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  Cameron Makes Changes, but Winning is What Counts
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by Chris Shashaty, Phins.com Columnist

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From the day that Nick Saban quit in disgrace, embarrassing owner Wayne Huizenga and team management, the Miami Dolphins have been anxiously looking forward to Kickoff 2007.


Time heals and so does winning.


For the Dolphins, the return to respectability begins with Malcom “Cam” Cameron, the seventh head coach in team history. It is his hand that will be most evident when the Miami Dolphins take the field on Sunday against the Washington Redskins (1pm ET, CBS).


From the moment Cameron walked through the door, the organization started heading in a different direction. They’ve had to, because they’re not close to winning a championship today, and haven’t been since Super Bowl XIX went down in Stanford Stadium over 20 years ago.


(A good percentage of the current fan base wasn’t even born when that game was played, let alone remembers it!)


Ultimately you need good players to win, and Cameron wisely started with player personnel. GM Randy Mueller makes the final call, but it is Cameron who is responsible for pulling this team together and winning games. He needs winning players to make it happen, guys with solid character, guys who fit his team philosophy. This is where Cameron and Mueller have worked closest.


On Sunday you will see 22 new Dolphins at FedEx Field, a turnover rate of 41% from the 2006 final roster. Mueller normally expects to turn a roster over about 30% year-over-year, so he obviously wasn’t kidding when he said that the Dolphins couldn’t “stand pat” with what they had.


Don’t be too surprised; remember that this club is 19-29 (.396) over the past three seasons. That’s just about rock bottom by any measure, certainly unfamiliar territory for one of the great franchises in NFL history. People expect better from the Miami Dolphins, and I believe Cameron understands this.


Here’s an important point about the turnaround thus far…the roster change isn’t just about new faces; it’s about the future. A third of the roster is made up of players with one season or less of NFL experience.


The idea is to fix the car while it is moving.


Of course it goes beyond new players. Just as important are the coaches the team retained, reassigned, and acquired in the offseason.


At the top of the list was the retention of defensive coordinator Dom Capers, vital in a division with the likes of Tom Brady, Randy Moss, and Laveranues Coles.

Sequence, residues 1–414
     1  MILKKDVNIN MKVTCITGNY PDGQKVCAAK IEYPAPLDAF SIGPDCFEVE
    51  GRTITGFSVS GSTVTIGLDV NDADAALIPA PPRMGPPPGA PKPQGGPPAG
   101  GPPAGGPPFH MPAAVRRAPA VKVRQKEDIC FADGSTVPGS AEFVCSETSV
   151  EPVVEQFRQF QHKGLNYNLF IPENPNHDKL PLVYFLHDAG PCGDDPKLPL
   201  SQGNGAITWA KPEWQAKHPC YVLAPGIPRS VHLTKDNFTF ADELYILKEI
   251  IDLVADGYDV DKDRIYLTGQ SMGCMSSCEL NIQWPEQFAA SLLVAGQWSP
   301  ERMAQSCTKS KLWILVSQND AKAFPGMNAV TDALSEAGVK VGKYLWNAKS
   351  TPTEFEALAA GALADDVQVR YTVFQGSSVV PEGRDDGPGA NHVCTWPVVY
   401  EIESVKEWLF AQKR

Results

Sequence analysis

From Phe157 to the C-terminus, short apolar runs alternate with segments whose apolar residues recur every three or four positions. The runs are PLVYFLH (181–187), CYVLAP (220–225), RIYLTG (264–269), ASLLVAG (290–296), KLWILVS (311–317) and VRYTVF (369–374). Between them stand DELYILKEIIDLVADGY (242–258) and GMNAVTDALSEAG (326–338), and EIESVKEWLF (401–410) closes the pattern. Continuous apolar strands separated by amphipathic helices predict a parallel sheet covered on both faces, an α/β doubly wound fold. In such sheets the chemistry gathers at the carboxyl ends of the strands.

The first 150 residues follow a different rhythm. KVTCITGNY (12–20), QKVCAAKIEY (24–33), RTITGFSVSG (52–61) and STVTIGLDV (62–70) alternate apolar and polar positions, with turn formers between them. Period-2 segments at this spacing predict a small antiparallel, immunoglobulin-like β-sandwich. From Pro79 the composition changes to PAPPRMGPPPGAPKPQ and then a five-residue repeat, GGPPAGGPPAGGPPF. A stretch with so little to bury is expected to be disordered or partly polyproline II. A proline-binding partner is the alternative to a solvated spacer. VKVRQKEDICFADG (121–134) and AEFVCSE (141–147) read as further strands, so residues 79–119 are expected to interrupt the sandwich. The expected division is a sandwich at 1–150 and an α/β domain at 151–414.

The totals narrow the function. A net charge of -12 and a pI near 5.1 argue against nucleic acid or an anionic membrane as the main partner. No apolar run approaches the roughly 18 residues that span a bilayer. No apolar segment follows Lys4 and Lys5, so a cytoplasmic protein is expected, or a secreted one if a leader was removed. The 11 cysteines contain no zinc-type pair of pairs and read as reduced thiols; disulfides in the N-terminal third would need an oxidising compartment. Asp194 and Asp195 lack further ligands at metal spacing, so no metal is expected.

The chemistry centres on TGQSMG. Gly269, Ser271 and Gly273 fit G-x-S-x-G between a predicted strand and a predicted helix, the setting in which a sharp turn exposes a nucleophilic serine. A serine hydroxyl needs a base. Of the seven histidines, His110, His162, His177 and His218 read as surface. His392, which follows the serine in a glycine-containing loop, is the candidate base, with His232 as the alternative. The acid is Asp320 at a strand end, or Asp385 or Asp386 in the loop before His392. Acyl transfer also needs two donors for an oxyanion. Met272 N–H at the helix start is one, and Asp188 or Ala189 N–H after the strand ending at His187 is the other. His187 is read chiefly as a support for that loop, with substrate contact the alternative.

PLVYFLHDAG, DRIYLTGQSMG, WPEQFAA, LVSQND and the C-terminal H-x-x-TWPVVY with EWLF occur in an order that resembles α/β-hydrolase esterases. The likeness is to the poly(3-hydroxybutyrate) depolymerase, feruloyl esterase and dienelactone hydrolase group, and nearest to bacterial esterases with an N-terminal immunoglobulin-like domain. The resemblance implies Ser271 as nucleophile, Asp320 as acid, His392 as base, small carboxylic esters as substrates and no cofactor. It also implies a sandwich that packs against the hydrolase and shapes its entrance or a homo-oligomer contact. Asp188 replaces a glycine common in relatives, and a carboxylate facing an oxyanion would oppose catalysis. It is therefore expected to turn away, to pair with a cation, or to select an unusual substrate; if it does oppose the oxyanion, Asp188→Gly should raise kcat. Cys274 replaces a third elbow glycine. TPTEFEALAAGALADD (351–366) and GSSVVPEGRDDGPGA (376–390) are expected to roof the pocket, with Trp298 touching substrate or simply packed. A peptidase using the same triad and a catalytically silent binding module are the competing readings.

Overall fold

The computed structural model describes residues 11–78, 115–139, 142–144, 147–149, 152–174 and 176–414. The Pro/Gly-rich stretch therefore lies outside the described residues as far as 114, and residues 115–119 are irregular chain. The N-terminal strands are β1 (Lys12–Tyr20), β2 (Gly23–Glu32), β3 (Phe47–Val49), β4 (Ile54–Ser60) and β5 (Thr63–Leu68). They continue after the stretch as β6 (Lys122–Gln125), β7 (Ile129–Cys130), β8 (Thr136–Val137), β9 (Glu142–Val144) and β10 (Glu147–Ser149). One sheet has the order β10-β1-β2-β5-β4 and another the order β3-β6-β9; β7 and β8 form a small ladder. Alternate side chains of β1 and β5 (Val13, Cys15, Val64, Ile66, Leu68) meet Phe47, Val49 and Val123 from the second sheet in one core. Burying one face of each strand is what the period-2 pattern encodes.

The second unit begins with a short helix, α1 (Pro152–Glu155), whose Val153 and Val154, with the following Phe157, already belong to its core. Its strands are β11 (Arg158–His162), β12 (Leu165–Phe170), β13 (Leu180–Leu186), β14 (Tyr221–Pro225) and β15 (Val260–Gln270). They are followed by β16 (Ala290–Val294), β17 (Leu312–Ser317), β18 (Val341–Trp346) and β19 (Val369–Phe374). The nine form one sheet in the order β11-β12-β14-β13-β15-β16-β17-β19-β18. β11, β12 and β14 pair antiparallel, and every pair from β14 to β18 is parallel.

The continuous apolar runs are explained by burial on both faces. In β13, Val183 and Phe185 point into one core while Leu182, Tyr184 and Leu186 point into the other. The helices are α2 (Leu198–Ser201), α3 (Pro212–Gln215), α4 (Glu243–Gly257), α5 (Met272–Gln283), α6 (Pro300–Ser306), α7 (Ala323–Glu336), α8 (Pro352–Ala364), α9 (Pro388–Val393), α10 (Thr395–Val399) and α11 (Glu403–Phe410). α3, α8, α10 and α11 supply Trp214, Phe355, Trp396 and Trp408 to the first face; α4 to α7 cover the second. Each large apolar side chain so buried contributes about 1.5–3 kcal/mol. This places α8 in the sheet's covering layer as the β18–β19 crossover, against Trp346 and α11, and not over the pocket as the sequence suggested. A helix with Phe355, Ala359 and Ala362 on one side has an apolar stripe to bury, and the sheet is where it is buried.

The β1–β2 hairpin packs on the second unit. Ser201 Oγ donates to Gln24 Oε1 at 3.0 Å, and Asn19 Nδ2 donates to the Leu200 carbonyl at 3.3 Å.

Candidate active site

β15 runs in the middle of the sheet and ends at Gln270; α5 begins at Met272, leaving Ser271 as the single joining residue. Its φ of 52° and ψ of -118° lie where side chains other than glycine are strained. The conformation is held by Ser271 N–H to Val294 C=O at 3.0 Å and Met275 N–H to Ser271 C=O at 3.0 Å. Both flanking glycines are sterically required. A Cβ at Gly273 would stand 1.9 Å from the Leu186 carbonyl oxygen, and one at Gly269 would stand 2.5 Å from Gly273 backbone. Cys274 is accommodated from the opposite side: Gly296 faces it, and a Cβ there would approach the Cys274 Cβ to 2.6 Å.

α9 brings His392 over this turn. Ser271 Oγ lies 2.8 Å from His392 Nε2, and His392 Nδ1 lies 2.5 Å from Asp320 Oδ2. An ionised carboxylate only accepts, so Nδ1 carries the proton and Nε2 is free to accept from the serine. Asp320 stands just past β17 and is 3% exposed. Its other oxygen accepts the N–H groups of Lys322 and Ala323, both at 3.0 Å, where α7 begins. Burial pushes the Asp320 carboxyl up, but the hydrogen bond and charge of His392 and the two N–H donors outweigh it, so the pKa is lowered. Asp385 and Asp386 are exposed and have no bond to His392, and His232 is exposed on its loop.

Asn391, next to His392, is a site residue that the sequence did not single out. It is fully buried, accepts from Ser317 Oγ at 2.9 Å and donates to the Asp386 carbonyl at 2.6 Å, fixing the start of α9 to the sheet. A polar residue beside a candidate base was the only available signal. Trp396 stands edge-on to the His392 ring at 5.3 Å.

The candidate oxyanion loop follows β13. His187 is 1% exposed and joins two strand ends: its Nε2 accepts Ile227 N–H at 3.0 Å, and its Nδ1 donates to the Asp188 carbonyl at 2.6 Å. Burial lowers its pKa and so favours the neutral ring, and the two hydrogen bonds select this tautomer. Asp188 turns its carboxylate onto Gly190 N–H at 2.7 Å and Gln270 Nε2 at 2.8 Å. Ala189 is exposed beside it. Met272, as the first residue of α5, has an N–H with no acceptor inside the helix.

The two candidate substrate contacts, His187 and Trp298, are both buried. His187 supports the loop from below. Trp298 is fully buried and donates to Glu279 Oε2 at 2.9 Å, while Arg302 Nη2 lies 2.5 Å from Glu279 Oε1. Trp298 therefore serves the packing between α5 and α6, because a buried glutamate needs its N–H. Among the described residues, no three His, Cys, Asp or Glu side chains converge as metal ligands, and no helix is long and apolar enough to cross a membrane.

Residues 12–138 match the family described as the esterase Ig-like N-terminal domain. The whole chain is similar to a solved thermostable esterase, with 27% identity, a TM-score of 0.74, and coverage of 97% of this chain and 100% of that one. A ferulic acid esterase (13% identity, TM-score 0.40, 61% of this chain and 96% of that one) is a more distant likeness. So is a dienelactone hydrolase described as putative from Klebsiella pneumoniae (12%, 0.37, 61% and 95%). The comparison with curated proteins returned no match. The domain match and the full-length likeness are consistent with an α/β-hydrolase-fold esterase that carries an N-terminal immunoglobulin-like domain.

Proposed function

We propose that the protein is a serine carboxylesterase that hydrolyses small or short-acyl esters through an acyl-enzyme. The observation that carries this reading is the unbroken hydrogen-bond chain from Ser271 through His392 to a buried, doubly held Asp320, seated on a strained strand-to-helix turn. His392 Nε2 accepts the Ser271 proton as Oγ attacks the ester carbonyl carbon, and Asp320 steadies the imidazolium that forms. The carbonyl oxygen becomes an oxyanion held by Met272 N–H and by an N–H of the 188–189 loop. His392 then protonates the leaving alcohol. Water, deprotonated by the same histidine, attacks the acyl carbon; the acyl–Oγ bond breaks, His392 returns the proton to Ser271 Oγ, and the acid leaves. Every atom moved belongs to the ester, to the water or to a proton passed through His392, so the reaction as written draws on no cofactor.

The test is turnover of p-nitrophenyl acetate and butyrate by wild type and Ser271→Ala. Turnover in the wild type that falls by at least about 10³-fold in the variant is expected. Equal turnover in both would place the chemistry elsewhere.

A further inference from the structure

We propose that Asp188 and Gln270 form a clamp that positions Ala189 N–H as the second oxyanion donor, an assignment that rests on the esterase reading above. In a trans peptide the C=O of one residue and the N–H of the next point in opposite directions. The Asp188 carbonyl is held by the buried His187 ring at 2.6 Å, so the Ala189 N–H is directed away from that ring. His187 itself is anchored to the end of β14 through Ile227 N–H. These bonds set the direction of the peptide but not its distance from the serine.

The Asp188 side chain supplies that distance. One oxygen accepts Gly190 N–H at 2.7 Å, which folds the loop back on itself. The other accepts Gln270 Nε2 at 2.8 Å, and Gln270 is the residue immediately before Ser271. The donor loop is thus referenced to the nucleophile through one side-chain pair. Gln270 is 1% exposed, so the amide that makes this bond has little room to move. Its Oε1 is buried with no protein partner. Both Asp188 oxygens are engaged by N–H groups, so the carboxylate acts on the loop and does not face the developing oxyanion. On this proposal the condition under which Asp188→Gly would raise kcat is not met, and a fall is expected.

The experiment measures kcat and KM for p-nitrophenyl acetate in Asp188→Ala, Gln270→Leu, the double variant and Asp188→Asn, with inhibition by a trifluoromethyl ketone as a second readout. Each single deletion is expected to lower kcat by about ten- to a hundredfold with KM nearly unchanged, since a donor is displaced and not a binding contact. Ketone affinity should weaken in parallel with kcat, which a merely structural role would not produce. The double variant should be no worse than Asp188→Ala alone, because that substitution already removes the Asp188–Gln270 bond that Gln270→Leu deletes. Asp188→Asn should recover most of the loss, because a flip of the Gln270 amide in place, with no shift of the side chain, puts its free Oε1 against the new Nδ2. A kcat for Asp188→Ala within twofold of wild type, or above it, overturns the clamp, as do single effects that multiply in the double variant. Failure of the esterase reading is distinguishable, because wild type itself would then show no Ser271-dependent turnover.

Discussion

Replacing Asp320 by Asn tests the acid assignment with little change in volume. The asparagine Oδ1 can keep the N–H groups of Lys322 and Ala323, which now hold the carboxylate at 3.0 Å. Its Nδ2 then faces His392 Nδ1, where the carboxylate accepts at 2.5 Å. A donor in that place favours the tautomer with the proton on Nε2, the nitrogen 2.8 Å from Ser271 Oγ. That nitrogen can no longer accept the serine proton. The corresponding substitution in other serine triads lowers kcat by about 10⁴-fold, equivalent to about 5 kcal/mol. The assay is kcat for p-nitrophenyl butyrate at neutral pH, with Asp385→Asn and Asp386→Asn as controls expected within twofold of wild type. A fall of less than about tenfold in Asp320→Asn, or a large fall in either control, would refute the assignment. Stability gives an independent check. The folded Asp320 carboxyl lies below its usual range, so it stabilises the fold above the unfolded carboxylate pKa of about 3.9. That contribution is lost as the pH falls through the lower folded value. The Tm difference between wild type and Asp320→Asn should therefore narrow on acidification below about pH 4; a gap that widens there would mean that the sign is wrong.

Cameron wisely set aside his ego and deferred to Capers. The benefit is a defense that will build on last year’s #4 overall ranking with more looks and even better players. They should prove to be one of the best defensive units in team history, and a miserable pain the neck to the opposition.


Most dramatically evident, however, will be an offensive scheme vastly different from anything we’ve seen since Dan Marino first pulled on a #13 jersey in the old concrete block locker room at Biscayne College.


Forget the Statue of Liberty play you saw in the silly season. That’s just a shadow of the real shift.


Quite frankly, this is where the true rebuilding of the Miami Dolphins has taken place. Consider that every single position, with the exception of RB, will have a new starter. Even Chris Chambers and Marty Booker have switched sides!


Again, real change that will hopefully translate into wins.


Of course, how the Dolphins will choose to attack the Redskin defense is anybody’s guess. Even looking at last year’s San Diego Chargers, from whence Cameron came, is problematic.


For one thing, Cameron doesn’t have the horses he had in San Diego. For another, the defensive personnel and coaching in the AFC East is, overall, a lot tougher than what he faced in the AFC West.


Perhaps this is why Cameron showed almost nothing of interest offensively during the preseason. I mean, watching his charges slog it out against the Saints was like watching molasses drip from a can.


The real worry is in knowing just how much (or how little) the players truly understand his system. Keeping things bland early on builds confidence, but I seriously doubt that Redskins defensive coordinator Gregg Williams will be as understanding in his scheming once the live firing begins.


For all his failings as Buffalo’s ex-head coach, Williams remains one of the best defensive strategists in football. Not really knowing what the Dolphins are planning will hamper him somewhat, but the Dolphins will still have to block his front seven if they expect to win. With the Dolphin o-line in its current state of transition, that’s no sure thing.


It’s up to Cameron and line boss Hudson Houck to figure it out, along with the rest of it.


Overall, we’ve seen enough to believe that the 2007 Dolphins have a reasonable shot at the playoffs. But questions remain, the biggest of which is whether or not the Dolphins hired the right man to deliver them from the unfamiliar depths of the NFL.


The proof is always in the winning and, for the Cam Cameron era, it starts this weekend in Washington.


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